senior man stands solemnly outside in a coat and scarf during winter

Extended winter blues could be SAD

If colder weather and shorter days put you in a funky mood, you might try to shrug it off as “winter blues.” But it could be more than that – especially if you feel this way every winter and the mood lingers for weeks or months.

Seasonal affective disorder (SAD) is a type of depression that comes and goes with the seasons. It primarily strikes in the fall and dissipates in the spring.

The end of Daylight Saving Time, which usually occurs about November 1, generally signals a rise in SAD diagnoses.

The American Psychiatric Association estimates 5% of adults in the United States are affected. The majority of people who have SAD are women in their child-bearing years. But according to Marybeth Evans, a licensed clinical social worker for OSF HealthCare, “it can affect anybody, mostly from adolescence on. Children and older adults can get it.”

Sunlight plays a major role

Family medical history and your geographic location may contribute to SAD, which is less common closer to the equator. But biology plays a major role.

SAD occurs when certain chemicals in our body get out of balance. These particular chemicals – serotonin and melatonin – both play a role in our sleep-wake cycles. Both are also affected by the amount of sunlight we experience.

Serotonin is known as the “happy chemical,” because it helps us feel good. Serotonin increases with sunlight and signals our body to wake up and get moving.

Melatonin is a hormone that increases with darkness and signals our body that it’s time to rest.

They work together to create our circadian rhythm, which is our internal, biological clock. When working properly, we have a healthy sleep-wake pattern and tend to be energetic and productive. When it’s off kilter, our sleep becomes irregular, and we become prone to depression.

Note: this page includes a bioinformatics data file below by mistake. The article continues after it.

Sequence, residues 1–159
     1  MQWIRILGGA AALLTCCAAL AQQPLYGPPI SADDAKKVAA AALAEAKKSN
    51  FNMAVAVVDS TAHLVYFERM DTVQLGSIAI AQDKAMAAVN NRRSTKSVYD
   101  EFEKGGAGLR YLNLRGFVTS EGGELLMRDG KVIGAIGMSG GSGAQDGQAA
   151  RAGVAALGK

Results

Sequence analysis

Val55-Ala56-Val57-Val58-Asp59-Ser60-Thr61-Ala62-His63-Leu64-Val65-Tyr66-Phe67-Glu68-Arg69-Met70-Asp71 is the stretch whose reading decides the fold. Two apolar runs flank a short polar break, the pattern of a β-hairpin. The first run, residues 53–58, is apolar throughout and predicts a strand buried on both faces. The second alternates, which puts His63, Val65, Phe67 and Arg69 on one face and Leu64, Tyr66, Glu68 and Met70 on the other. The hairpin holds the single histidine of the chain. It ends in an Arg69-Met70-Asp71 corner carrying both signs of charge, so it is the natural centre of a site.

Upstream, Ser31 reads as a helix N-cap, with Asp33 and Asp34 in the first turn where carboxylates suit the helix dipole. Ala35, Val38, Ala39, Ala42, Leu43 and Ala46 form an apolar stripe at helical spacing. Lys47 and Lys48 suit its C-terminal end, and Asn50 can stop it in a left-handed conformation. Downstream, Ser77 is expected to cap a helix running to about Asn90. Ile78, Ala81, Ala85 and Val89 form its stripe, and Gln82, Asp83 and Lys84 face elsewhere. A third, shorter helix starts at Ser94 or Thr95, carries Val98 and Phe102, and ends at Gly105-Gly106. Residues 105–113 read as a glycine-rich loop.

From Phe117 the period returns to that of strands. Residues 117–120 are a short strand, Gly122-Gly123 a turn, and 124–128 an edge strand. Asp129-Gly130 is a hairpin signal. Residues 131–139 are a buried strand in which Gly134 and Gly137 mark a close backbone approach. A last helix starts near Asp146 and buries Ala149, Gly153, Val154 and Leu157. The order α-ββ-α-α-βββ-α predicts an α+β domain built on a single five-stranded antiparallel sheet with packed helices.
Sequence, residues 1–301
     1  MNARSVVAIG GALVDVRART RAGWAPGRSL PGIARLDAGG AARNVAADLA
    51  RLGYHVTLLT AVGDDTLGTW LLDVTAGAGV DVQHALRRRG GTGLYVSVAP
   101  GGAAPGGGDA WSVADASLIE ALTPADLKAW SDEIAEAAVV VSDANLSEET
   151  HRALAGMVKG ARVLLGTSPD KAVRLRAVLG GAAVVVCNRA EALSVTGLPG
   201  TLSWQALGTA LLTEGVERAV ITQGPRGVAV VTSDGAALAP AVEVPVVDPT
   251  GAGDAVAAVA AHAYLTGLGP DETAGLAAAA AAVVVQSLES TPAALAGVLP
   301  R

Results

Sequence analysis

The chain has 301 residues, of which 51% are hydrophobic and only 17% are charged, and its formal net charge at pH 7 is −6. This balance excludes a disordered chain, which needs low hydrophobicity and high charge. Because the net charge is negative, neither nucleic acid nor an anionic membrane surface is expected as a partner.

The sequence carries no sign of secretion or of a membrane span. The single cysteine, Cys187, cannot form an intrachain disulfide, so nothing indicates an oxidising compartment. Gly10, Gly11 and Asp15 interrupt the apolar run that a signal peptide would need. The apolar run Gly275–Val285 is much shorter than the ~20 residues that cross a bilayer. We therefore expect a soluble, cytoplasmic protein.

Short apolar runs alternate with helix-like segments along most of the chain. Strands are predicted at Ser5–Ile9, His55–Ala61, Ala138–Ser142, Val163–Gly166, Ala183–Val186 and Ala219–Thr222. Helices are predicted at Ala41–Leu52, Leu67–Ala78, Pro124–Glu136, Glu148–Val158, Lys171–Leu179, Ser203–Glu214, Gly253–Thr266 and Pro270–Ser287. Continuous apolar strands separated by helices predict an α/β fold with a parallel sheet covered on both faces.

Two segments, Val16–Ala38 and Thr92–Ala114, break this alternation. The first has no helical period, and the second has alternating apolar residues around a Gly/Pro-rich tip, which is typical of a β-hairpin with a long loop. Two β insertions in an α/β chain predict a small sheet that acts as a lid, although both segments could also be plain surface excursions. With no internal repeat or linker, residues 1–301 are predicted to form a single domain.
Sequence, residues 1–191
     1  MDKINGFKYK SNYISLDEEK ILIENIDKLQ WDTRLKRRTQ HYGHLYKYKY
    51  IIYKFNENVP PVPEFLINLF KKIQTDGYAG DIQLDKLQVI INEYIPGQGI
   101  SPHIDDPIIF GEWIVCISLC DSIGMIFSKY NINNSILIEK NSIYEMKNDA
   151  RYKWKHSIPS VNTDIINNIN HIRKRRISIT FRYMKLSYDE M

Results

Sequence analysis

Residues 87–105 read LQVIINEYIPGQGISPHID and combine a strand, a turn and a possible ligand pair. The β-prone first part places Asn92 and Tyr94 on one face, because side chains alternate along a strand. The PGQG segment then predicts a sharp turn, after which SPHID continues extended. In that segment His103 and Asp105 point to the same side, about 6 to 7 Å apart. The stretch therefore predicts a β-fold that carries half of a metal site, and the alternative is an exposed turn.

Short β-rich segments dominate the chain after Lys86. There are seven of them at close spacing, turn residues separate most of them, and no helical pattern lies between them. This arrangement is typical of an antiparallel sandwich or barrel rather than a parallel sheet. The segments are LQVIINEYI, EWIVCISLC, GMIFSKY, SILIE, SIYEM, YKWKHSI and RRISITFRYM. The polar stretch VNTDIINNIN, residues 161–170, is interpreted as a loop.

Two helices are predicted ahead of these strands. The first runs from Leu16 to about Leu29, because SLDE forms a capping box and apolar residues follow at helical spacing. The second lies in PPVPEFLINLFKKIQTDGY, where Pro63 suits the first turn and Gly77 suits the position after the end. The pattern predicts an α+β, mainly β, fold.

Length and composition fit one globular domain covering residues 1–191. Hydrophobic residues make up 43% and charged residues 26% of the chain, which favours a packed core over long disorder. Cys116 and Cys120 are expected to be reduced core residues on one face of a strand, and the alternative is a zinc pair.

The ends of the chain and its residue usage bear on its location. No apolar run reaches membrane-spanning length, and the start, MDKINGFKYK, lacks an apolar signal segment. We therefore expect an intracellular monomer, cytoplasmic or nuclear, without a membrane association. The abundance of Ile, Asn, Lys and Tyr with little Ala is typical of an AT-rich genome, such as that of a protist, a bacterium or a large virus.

Symptoms to watch for

Symptoms of SAD can be mild or severe. They can range from simple fatigue to frequent thoughts of death or suicide.

Some symptoms might seem strange. For example, the American Psychiatric Association says you could feel fatigued because you sleep too much. Other symptoms may include:

  • Changes in appetite
  • Difficulty sleeping
  • Disinterest in normal activities
  • Extensive daily depression
  • Inability to concentrate
  • Low energy
  • Overeating

Commit to physical activity

young woman with afro and scarf takes a winter walkMarybeth said the most important thing is to be aware of your feelings and commit to being physically active.

“Sometimes, people want to hibernate like a bear. That’s not really recommended because that can make it harder for you to function during the day,” she said. “Do those things that make you feel better during the warm months – keeping active, eating right, keeping a regular sleep schedule.

”We encourage people to get out there and be in the sun when you can.”

If that doesn’t help you feel better, or if you are unable to force yourself do those things, seek professional help, Mary said.

When and where to seek help

Immediate resources are available. OSF SilverCloud is a free interactive app that can help you manage your feelings. Or call 1-833-713-7100, and an OSF Behavioral Health navigator can direct you to specific services. You can also contact the national Crisis Text Line by texting “SIGNS” to 741741 for anonymous, free crisis counseling. If you have thoughts of harming yourself, call the National Suicide Prevention Lifeline at 1-800-273-8255.

“If you can’t do your regular activities, if you can’t get up for work or you can’t attend to your children or feel happy about anything, if you lose your sense of pleasure in life – that’s basically what depression does,” Marybeth said. “At that point, anybody should seek counseling.”

Last Updated: June 1, 2021

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About Author: Kirk Wessler

After being a writer for OSF HealthCare for three years, Kirk Wessler retired in January 2022. A Peoria native and graduate of Bradley University, Kirk's experience included working for newspapers in Missouri, Texas and the Peoria Journal Star.

Kirk and his wife, Mary Frances, have five sons, four daughters-in-law and nine grandchildren. Kirk plans to spend his retirement on the golf course, mastering the guitar and traveling.

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Categories: Mental Health, Preventive Health